A portfolio is now considered a minimum requirement for an agency to have. So, it’s essential you get one in place. A good portfolio is made up of:
- Headlines and shorts snippets
- Further, in depth, result case studies
- Testimonials from clients
- Future goals and targets for that client
Showing people that not only you can deliver the results, but you will continue to deliver them to people continuously.
While starting a digital agency feels like it should be expensive. That you’re going to need to lots of cash, investors and pre-saved money to get everything off the ground. But, if you’re thrifty, you can start an agency quite cheaply.
Six figure businesses have been known to start for as low as $62.50. And, a lot of agencies start off as just a single person, like Mike Ramsey’s Nifty Marketing, and end up as million dollar agencies. The key is to understand what is essential for you as a start up, and what isn’t.
For example, you don’t need every SEO tool under the sun. You could spend $2000 – $3000 a month in recurring costs just from these tools. Half of which, you’ll never even use. Instead choose one or two tools that do everything you need them to do (or you can use SERPed that does everything).
There’s also the problem that having investors and partners detracts from your ownership of the agency. The more people that are putting money in, or are sharing your company, takes away from what you actually own. You’ll find the most successful agencies are the ones who knuckle down, go independant and turn themselves into a success on their own.
#10: Take The (Cheaper) Road Less Travelled
Staying with the topic of being thrifty and saving money, let’s talk about some of the actions you’re going to need to take along the road:
- Advertising and Exposure
- Finding Clients
- Providing Customer Service
Sometimes, and this is something a lot of it feels like you’re looking down the barrel of a big dollar shaped shotgun, doesn’t it? Yet, with the right mindset, you can find ways to do all of this cheaply.
Look at using sites like UpWork to build a team of Customer Service reps that can work for $5-7 dollars an hour. Or, look for different hacks and methods to get Facebook Ads down to 1c per click (or like these guys who got $0.0005 per engagement). You could always ask other online marketing companies how they get their workers, too.
And, as the old saying goes, Marketing is like sex (only losers pay for it). Find ways to build word of mouth, marketing that you can rely on. Offer unique sales points, add a value that nobody else can, or provide a service that people will scream about. It doesn’t have to cost you anything, but it can drive you a tonne of business in the long run.
#11: Plan Out When You’ll Need Employees
I’ll be really honest here:
There will come a point where you need employees. If you’re committed to your goals and your business, you will outgrow the ability to do work just on your own. A six-figure one man band might be a good dream, but it’s highly unlikely you’ll do that and keep any quality of life.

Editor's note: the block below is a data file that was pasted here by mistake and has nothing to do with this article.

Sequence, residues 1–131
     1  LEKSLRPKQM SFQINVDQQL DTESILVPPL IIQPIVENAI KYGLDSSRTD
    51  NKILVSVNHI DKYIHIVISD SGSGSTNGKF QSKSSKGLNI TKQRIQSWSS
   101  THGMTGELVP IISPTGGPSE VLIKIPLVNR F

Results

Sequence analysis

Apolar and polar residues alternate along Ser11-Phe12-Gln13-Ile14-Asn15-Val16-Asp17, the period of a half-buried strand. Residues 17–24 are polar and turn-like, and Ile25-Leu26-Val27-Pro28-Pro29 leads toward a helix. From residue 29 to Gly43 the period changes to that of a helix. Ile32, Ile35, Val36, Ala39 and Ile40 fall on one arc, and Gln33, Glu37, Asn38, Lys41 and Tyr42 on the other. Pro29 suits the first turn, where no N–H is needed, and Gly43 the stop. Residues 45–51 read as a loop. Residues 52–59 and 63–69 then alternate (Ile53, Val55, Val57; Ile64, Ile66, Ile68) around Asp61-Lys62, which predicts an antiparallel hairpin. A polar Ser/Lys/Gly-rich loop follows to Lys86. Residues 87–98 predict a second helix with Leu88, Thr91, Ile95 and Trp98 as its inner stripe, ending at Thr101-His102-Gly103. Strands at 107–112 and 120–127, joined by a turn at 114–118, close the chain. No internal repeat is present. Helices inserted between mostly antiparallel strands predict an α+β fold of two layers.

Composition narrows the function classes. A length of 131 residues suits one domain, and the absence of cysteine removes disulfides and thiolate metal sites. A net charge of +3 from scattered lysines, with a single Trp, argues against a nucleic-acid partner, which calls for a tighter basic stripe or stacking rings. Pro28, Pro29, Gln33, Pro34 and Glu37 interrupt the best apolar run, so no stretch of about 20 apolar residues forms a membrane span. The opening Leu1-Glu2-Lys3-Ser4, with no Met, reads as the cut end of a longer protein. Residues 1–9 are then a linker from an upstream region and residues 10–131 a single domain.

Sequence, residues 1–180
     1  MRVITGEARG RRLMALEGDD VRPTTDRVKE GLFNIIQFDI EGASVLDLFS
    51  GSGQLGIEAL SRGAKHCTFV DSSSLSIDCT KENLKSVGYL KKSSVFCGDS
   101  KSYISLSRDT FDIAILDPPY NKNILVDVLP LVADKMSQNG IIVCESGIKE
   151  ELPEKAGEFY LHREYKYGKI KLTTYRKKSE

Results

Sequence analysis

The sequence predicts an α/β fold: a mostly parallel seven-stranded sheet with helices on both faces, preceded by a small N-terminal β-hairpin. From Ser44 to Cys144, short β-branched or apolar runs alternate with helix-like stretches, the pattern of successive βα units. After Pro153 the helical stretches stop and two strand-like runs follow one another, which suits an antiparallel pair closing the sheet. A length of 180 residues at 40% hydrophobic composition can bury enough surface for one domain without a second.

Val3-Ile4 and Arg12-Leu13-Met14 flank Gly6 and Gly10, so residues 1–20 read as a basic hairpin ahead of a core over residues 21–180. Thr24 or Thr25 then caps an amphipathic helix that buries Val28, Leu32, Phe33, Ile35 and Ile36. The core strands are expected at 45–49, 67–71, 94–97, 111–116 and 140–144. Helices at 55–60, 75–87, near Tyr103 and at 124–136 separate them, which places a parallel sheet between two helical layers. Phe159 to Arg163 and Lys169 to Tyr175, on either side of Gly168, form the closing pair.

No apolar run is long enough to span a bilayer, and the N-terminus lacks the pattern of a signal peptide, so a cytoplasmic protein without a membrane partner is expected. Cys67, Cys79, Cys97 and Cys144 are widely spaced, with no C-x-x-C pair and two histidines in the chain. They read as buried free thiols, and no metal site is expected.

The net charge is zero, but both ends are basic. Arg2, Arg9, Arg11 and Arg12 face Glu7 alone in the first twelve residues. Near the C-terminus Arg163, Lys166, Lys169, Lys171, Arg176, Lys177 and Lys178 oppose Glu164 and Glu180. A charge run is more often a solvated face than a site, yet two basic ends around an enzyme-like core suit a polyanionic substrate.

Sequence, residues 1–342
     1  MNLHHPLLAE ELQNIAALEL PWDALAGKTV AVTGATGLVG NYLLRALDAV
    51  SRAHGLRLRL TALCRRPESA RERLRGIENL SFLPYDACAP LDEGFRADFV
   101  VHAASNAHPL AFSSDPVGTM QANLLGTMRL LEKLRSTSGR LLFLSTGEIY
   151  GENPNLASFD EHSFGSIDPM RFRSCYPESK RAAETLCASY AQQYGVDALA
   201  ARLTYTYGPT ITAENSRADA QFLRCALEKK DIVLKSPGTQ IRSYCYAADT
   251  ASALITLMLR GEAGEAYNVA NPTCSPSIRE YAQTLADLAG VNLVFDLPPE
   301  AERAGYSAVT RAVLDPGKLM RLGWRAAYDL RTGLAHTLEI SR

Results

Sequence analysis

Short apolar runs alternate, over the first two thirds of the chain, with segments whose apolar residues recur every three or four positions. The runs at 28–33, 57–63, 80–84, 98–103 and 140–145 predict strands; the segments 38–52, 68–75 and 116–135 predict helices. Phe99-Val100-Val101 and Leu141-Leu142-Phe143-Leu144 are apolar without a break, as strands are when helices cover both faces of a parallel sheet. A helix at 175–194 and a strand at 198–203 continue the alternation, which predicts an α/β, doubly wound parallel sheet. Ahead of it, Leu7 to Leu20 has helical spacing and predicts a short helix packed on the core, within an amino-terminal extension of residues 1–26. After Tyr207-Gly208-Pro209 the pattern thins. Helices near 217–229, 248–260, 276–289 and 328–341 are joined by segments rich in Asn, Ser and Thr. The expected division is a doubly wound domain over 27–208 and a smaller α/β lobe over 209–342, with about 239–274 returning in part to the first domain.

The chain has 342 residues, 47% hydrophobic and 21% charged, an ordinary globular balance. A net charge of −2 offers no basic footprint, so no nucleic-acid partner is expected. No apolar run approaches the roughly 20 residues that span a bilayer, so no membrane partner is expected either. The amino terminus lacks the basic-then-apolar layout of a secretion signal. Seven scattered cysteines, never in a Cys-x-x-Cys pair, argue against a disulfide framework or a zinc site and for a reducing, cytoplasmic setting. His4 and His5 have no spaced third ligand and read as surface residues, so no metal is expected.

But the key to making sure your business survives the need for employees is to scale how, and when, you hire them. This will vary from agency to agency, and the type of service you offer, but I find a good way to survive these transitions is to work in these steps:
- Just You: Start out as just you, knuckle down, and complete as much work as possible.
- Freelancers: When you build up enough, look to outsource work to Freelance SEO’s. It could be specific tasks for a project, or full projects for themselves that you take a percentage of.
- Part-Time Employee: You either do this as a freelancer, or in-house. Take someone on a permanent contract for x,y or z requirements each week. This way you get used to paying out a salary, while not having too many overheads.
- One Full Time Employee: Once you’re making enough money, take on a full time employee to alleviate your workload. And, to allow you to bring in more custom because you can effectively do double the work.
You could, theoretically, stop here and become a successful six figure agency. At least at the lower end of the six figure world. But, if you want to keep growing to get towards those top figures, you’ll find there’s a point where you need to take on even more employees.
It’s possible to plan out when you’ll need employees by your earnings, too. Which would look a little something like:
- Just You: $30,000 – $50,000 a year
- Freelancers: $50,000 – $80,000 a year
- Part Time Employees: $80,000 – $100,000 a year
- Full Time Employees: $100,000+
This will change from agency to agency, and the amount of work you feel people can handle, but putting it in these terms let’s you have a rough idea of when you’ll need to start looking at taking someone on the books, and how much you can allow for it.
But, as with everything in SEO, timing and precision are key here. Don’t start with employees from day one; and make sure you don’t go too long without taking someone on board.
#12: Brush Up On Your SEO Skills…
You don’t need to be an absolute SEO pro to start a digital agency. In fact, you don’t really need to know…anything, about it to start an Agency (cue lots of SEO’s getting really angry right now). Because you always have the option to learn on the go, and build your expertise over time.
The nature of the beast in our realm is that SEO is always changing, growing and evolving. And one small update from Google can turn even the most ardent marketer into a blubbering beginner all over again.
Make sure you learn the basics and have an understanding of why doing x, y or z will deliver a result. Then, you can learn the rest of the techniques as you go.
For example, Lucian Harhata started an entire agency knowing only what ALT Tags were, and built it up from there.
#13: And Find Ways To Explain Them To Your Clients